- Last Updated on 07:43 AM 06/11/14
- BY Doug Ford
South Boston Town Council is making good on its commitment to provide $50,000 in support of a project by Southside Outreach Group to acquire and rehabilitate the Fairmont Apartments as Miller Homes at Poplar Creek.
Council, after some deliberation during its Monday meeting, approved the loan in grant form.
The town has $50,000 budgeted in economic development, low-income housing initiative money in the current year budget specifically set aside for this project, Town Manager Ted Daniel told council.
Daniel told council Southside Outreach Group is completing financing actions to purchase the Fairmont Apartments on Poplar Creek Street and totally renovate the low-income housing facility.
The town’s commitment of $50,000 in project funding provided some critical points award to insure the project was selected for tax credits, according to the town manager, adding Southside Outreach will close on its $720,000 loan with Virginia Community Capital in late July or August.
The total cost of the project is estimated at approximately $3 million, with construction slated to begin in August and ending in the fall of 2015, Daniel explained.
Southside Outreach already has incurred approximately $50,000 in project costs, according to Executive Director Earl Howerton, not including accrued interest on the pre-development loan estimated to be at least $2,000.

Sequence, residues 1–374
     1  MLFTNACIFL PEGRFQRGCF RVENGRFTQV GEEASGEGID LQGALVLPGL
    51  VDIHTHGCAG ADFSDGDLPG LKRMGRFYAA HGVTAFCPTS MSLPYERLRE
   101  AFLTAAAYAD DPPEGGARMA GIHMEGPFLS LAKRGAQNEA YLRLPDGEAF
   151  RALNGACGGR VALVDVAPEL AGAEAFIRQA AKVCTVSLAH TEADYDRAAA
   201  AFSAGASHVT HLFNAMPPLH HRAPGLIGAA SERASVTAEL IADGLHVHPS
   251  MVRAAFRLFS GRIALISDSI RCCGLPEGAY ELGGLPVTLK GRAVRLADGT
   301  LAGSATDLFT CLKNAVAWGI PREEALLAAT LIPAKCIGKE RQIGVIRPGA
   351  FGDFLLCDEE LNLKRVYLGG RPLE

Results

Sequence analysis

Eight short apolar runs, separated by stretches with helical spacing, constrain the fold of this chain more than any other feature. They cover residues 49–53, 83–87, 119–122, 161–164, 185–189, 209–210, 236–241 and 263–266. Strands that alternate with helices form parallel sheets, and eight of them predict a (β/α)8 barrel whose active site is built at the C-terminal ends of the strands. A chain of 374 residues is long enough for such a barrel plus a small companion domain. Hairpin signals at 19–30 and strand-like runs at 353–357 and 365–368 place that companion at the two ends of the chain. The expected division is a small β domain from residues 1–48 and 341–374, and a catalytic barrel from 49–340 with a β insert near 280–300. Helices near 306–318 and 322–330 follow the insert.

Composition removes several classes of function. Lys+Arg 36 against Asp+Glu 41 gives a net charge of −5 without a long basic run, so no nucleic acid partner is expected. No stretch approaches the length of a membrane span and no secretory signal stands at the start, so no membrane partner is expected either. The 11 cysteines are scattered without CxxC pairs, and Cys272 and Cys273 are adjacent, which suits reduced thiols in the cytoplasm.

Council expressed support for the project as a whole and Howerton’s efforts in particular in providing affordable housing for Southside Outreach Homeowners Program participants awaiting their opportunity to become first-time homeowners.
Davis Montgomery, district manager of Duke Energy, Carolinas, gave a brief update Monday on coal ash cleanup operations and restoration in the Dan River, including affected portions in Halifax County.
Dredging, which began May 12, has been hampered by wet weather and is projected to be complete sometime in July, Montgomery told council.
Dredging operations have to strike a balance between cleanup and stirring sediment already present in the river, he explained.
Percentages of coal ash taken in samples from the Dan River near South Boston range from 1 percent to 3 percent, the difference due to river flow and other anomalies at various locations, he told council.
Irish Street resident Grant Merrill approached council Monday with ideas for entrepreneurial business development in South Boston, including employing a “competition primarily for those who have an idea for an invention, but aren’t sure how to start producing their invention.”
Round one of the competition will focus on presenting ideas to a select committee comprised of businessmen, lawyers, engineers, manufacturing leaders, bankers and investors.
Round two would involve assistance from engineering students at the higher education center with drawings and concepts, and round three would involve input from business and visual arts students at the higher education center.
Round three relates to advertising and a business plan presented to town council for its selection of a winner.
“It is specific for manufacturing opportunities via innovation and invention,” said Merrill, with the winner keeping his manufacturing in the South Boston area and as thanks for the assistance gained will pledge a certain percentage of the profits for a defined time to be used in town revitalization efforts.”